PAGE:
The Upper Ironworks Area
Fiskars can be divided into Upper and Lower Works. They have grown alongside two crossing roads. From the market square and up the river, and as the Ironworks expanded, the Upper Works has been built for a period of four centuries. The buildings of the area represent different functions of the Works community, from industry to agriculture and idyllic workers’ housing. Nowadays, the buildings house, for example, shops, workspaces and the Fiskars Museum.
The Market Square
During the 19th and 20th centuries, trading took place by the old cutlery workshop, near where the Fiskars Forum is today. The market square was moved opposite of the barracks before the First World War at the latest.
All sorts of necessities of the time were sold there, such as food, fabric for clothes and shoes, as well as small items such as buttons, buckles and eyeglasses. Fishermen from Tammisaari came through Pohjankuru by the “pikkupässi” train, and spent the night in Fiskars before market day. The market square was said to be full of hustle and bustle from the early morning. Measures were taken for clothes, and the womenfolk went around and tasted foods, compared prices and haggled.
The Lotta Svärd organisation started a kiosk in Fiskars in the summer of 1937. Originally, the kiosk building stood where the playground is today. Lottas sold coffee and biscuits, as well as lemonade. They also got permission to sell tobacco. Later on, the kiosk was run by at least the Fiskars idrottsförening and the Martha Association.
During the World War II, when most commodities were in short supply, the market square quieted down as well. After the war, sales got up again, but in time, the significance of the market square lessened and it ceased to function completely by the end of the 1960s, or the 1970s at the latest, as the industry in the village died down.
As the village enlivened again, the market has revived as well. It was relocated at the crossing of two roads, Fiskars road and Peltorivi. On the 12th of June, 1993, the first market day of the new era was held. It was opened by the Fiskars Village Action Association, which offered free stalls next to a bus stop for villagers. Nowadays, in line with the rules of the Association, art, handicrafts, organic food and second-hand items are the primary products sold at the market.
Even today, you can see a bench under a tree on the side of the market square. The bench was a place for socialising and meetings, and is known as the “Väntan”. “Väntan” is also depicted in a painting by Lennard Segerstål. The painting was completed in 1938 and can now be seen at the Fiskars Lukaali. In the painting, workers have gathered at the “Väntan”, and village girls show off their beautiful gowns to each other.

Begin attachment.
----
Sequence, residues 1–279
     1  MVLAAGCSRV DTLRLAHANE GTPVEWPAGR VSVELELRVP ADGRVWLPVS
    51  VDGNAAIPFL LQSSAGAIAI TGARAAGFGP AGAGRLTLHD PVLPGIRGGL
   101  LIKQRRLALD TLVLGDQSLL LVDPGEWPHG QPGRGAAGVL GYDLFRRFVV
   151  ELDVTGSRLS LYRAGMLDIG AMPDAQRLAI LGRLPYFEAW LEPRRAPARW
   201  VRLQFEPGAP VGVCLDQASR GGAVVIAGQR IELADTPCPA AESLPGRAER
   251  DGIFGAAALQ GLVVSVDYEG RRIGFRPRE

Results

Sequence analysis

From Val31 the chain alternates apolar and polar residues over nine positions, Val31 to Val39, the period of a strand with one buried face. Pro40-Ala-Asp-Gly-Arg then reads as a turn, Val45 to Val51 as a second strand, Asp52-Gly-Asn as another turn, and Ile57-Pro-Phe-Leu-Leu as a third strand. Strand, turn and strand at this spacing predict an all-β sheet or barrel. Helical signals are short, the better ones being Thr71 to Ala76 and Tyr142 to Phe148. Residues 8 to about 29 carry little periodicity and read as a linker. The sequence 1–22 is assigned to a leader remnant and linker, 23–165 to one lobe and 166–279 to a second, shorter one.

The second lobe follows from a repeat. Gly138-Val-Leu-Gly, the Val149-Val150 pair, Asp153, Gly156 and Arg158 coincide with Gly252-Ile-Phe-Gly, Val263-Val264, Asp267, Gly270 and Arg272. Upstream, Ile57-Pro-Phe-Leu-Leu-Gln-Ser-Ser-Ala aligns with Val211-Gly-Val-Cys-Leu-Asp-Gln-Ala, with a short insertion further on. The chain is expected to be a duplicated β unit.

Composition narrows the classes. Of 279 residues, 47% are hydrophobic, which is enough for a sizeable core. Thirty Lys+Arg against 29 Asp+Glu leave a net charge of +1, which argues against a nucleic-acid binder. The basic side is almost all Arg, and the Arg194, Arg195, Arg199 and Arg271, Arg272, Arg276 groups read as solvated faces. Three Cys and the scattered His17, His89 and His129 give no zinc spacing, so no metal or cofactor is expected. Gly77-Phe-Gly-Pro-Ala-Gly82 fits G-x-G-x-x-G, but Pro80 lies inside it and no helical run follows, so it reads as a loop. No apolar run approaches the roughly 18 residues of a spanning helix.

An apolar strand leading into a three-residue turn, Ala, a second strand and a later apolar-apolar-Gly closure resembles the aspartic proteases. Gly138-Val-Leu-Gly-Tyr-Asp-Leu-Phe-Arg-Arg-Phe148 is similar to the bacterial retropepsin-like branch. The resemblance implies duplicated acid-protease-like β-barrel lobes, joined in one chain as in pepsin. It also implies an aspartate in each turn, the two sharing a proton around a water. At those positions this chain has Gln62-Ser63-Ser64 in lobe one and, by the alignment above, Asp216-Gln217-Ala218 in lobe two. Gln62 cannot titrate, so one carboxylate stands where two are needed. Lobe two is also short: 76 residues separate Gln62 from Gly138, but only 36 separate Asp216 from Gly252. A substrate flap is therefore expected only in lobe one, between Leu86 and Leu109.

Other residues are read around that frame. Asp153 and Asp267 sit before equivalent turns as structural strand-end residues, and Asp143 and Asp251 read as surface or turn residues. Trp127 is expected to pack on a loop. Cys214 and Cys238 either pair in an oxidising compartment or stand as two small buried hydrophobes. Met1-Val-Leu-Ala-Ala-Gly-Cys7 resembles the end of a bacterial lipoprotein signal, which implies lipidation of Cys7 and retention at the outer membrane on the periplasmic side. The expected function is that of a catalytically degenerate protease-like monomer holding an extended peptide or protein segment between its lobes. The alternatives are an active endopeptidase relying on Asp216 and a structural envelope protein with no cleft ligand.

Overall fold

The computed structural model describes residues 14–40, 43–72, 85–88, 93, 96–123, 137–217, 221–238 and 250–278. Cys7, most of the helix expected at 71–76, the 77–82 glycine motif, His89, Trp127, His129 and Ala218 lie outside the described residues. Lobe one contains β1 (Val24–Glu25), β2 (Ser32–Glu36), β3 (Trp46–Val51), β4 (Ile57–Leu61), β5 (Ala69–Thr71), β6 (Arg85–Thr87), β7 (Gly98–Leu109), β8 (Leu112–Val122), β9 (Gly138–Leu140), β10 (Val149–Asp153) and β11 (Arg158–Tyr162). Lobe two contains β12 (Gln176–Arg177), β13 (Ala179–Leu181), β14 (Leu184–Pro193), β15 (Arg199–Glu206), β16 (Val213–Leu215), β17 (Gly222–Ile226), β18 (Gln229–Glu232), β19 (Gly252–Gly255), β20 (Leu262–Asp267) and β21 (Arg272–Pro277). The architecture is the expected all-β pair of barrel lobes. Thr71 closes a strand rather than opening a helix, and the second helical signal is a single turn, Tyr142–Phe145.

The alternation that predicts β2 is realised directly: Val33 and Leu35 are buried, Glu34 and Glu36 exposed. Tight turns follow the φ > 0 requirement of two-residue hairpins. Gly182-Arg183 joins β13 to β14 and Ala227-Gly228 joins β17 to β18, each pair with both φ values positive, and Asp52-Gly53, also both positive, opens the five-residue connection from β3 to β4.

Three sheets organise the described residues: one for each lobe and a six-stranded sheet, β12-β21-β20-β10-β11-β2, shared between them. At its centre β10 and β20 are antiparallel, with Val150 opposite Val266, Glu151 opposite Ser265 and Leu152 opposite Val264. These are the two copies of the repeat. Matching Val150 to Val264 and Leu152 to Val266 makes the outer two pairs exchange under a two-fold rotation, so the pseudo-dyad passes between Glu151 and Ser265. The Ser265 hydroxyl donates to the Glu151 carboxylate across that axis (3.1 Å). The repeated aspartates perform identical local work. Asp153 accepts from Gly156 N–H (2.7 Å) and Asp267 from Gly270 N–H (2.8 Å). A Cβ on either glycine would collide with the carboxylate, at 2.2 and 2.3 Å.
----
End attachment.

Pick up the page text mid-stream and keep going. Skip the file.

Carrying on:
The two-storey, brick and wood, partly plastered, partly vertically shuttered, yellow house differs from the other houses by its materials and the time of its building. It was built in 1843 as housing for the smiths who accompanied Edward Hill, the foreman of the cutlery mill, who came to Fiskars from Sheffield, England. The first cutlery mill in Finland had just been established, and it was in need of professional workforce. Sheffield was the centre of metal industry in Europe, especially with cutlery products.
The building was used as housing from the time it was built until very recently. In addition to dwellings, it also housed a hairdresser from the 1980s to the mid-2000s. The Swedish language Marttas also functioned there. From 2006 onwards, a clothes shop has been run in the building. Both storeys were then refurnished and occupied by the shop.
The building was originally cubic-shaped. That is where it got its name: its appearance resembled a tobacco box which had been in use from the 19th century – a square package wrapped in paper and called a karduusi.
“Åkerraden”, Housing on the Peltorivi
The buildings on Peltorivi were built between 1829 and 1834 to serve as workers’ housing. At the time, there were already buildings along the street where workers had lived. The oldest of those buildings were ca. 40 years old. The new buildings were built in their place, and only the stone bases of the old buildings were left. The small cow houses on the other side of the street which had been part of the workers’ housings, were also pulled down.
Timber from Fiskars-owned country houses were used to build the workers’ housings. When necessary, timber was also taken from the ironworks’ own sawmill. The tiles on the roofs are still mainly the original, manufactured in a water-powered facility on the Fiskars Ironworks.
The buildings received their Falun red colour already in the beginning of the 19th century. The white corners are from a later time.
The second house from the market square was extended significantly, or it was completely rebuilt in the 1890s. The first elementary school of the ironworks began to operate then, and it functioned in that building until 1896. A municipality nursery school operated in the house until the end of the first decade of the 2000s.
In time, some of the houses on Peltorivi have functioned as, for example, practice space for bands, a coffeehouse and a youth centre. In the 1970s and 1980s, the buildings were in bad shape, and mainly empty. In the 1990s, the houses were refurbished and changed into houses for rent for the municipality.
The wooden house was apparently built in the 1890s. It has also served as an office for the farming department.
The big, white cow house was built in 1921. It replaced an earlier cow house which had probably been designed by C.L. Engel, completed in 1831 and pulled down in the beginning of the 20th century. 120 animals could fit in the new cow house, and it also had a mechanical milking machine. In addition, a dairy also functioned in the building, and milk was sold to the workers. On one end of the building, there were housings.
Farming has been carried out in Fiskars all through ages, and the ironworks has owned vast areas of land. Especially Johan Jacob von Julin, who owned the ironworks from 1822, started to invest in farming and animal husbandry. New techniques were tried enthusiastically. In farming, drainage and annual spread of lime was taken into use. Irrigation was also tried. In milk production, trial milking was done already in the beginning of the 19th century. Also, annual farming exhibitions were started in Fiskars years before the custom spread nationwide.
Animal husbandry was given up in 1970. The 104 cows left at the time, were descendants of the Ayshire herd Julin had once bought. From 1998, a candle factory operated in the building. Nowadays, the house also contains several other shops, workspaces and flats.
The road passing the cow house is called the Isidor Road. It got its name from a price bull. The bull in turn was named after the apothecary Isidor B.B. Bergström.